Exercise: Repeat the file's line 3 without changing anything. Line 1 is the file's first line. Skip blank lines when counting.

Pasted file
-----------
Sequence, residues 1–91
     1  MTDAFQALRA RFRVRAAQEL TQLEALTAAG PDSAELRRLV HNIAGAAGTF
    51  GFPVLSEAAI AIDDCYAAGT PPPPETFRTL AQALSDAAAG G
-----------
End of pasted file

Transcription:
    51  GFPVLSEAAI AIDDCYAAGT PPPPETFRTL AQALSDAAAG G